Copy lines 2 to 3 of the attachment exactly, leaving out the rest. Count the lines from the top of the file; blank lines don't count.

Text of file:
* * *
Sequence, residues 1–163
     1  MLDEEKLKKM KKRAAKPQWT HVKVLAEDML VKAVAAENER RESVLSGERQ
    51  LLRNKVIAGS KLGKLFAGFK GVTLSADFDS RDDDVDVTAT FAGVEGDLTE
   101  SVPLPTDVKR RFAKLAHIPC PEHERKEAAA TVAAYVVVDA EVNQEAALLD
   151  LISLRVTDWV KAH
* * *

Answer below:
     1  MLDEEKLKKM KKRAAKPQWT HVKVLAEDML VKAVAAENER RESVLSGERQ
    51  LLRNKVIAGS KLGKLFAGFK GVTLSADFDS RDDDVDVTAT FAGVEGDLTE